So. Now that Beyoncé’s shock new album has been released, our suspicions have been confirmed. Beyoncé is an anti-capitalist, black nationalist, feminist superhero who supports the London student movement. But what are we to make of the nuances of her arguments? KCL iFeminist Society investigates:
This song marks Beyonce’s rapid shift to the left (to the left).
She asks: “All the people on the planet working 9 to 5 to stay alive, how come?” At first, you’re disappointed by her answer: “What goes around, ghost around”. But this would be to miss Beyonce’s exquisite use of metaphor.
It is clear after some thought that “ghost” refers to Karl Marx’s notion of DEAD LABOUR.
Beyonce is re-evaluating Marx’s famous first line of the Communist Manifesto: she is arguing that the ghost of the dead labour of workers is a spectre haunting the bourgeois music industry. Beyonce is predicting the proletarian revolution.
KCL iFemSoc cannot fault this argument. Capitalism harms all working women: A+
In this video Beyonce claims “Yonce” is on HIS mouth like liquor. But notice how there are no men in this video. The two women are dancing to and for each other. This guy in the club (who is so unimportant he doesn’t feature in the video) can keep staring, but Yonce isn’t interested. The argument here is subtle but poignant: the combination of the masculinization of the grillz and the lesbian BDSM nudge in the last scene make it clear: Yonce is Beyonce’s lesbian alter-ego.
The experimentation with sexuality is interesting. But, we have to say, the juxtaposition between the lyrical content (“Yonce on his mouth like liquor) and the visual content (Yonce obviously getting with a woman) is too subtle; it portrays lesbian sexuality as deviant or deserving of secrecy. We’re not down with this.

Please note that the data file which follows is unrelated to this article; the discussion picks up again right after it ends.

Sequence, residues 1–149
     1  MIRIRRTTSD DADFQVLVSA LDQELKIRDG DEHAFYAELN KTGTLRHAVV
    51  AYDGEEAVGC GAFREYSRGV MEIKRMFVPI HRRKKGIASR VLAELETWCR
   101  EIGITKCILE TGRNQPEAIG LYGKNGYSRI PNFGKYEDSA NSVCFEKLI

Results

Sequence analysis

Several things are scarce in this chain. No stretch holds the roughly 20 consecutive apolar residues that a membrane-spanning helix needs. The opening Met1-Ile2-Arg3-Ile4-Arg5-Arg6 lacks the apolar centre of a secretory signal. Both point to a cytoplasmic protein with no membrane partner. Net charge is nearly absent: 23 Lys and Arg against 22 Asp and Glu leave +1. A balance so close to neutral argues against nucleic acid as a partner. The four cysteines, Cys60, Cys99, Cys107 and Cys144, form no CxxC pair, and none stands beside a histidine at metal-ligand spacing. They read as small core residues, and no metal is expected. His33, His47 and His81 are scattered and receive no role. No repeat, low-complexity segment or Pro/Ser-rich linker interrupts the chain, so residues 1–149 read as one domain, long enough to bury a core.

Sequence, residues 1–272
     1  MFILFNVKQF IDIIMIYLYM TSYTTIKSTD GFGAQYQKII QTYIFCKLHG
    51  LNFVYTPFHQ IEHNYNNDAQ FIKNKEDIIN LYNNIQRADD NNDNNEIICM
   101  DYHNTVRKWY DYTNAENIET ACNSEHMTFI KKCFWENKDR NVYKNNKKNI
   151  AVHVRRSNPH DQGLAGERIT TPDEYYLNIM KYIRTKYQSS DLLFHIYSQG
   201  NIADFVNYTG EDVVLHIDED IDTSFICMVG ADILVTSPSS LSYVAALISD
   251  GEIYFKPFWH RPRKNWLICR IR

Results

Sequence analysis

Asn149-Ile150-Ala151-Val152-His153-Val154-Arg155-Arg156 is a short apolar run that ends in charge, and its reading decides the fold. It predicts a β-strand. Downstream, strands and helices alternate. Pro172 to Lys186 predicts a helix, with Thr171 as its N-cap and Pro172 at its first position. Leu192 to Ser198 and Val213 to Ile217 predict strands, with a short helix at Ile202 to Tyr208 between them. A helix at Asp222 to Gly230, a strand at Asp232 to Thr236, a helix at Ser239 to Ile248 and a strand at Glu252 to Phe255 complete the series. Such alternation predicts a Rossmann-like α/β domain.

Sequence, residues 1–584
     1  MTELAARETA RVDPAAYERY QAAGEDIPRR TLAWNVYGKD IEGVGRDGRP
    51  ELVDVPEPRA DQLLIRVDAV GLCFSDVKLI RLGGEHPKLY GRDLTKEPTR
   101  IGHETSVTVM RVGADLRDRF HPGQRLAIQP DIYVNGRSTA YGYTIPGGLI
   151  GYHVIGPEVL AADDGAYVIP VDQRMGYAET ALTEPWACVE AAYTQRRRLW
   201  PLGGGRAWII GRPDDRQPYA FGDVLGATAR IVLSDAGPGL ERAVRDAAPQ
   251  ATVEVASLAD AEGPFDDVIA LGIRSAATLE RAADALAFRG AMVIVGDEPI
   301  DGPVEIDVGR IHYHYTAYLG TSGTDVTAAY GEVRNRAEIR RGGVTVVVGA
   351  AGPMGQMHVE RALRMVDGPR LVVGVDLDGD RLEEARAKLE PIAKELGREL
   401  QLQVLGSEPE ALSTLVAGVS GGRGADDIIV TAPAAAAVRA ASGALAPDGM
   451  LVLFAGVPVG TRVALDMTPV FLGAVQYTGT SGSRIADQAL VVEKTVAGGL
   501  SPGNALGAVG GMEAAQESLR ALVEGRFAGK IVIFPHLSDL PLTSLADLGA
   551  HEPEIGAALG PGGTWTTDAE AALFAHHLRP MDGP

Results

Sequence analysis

We at KCL iFemSoc demand that all sexuality is the expression of human potential and we must smash through this notion that we should attach different values to different expressions of sexuality.
Beyonce, we feel you only go half of the way here: C-
Here Beyonce comes out strong against women being alienated from their own sexuality and she smashes through the long held, patriarchal assumption, that women are simply a means to someone else’s sexual ends. The argument here is women should enjoy sex too (couldn’t disagree here!).
While we think this argument is convincing, and a strong feminist principle, it’s inherently reformist. We need to argue that yes, it’s important we try hard to overcome alienation in our personal relationships, but that alienation of sexuality can only be over come once alienated labour is smashed.
Good effort though Bey: B+
Nice one. Beyonce reveals her black nationalist tendencies by reversing the racial roles of the aristocrat and the domestic maid.
Obviously we need to wage the argument that black and white unity is the way forward but nevertheless, this is subversive: A
Beyonce and her crew confront the hard hand of the state: the police. Here she gives a clear nod to the recent student protests against police repression on our campuses. However, she confronts repression by holding her partner’s hand; she seems to be saying LOVE will get #copsoffcampus
We at KCL iFemSoc disagree, and feel this argument is quite utopian. We’d argue the student movement would be better off with a mass movement of students and workers. But, we should accept pluralism in the movement. It’s a nice idea Bey, we can’t fault your effort: B+
In Part 2 we’ll be discussing some of the nastier elements of the album. That’s right Jay Z, KCL iFem Soc are coming for you.
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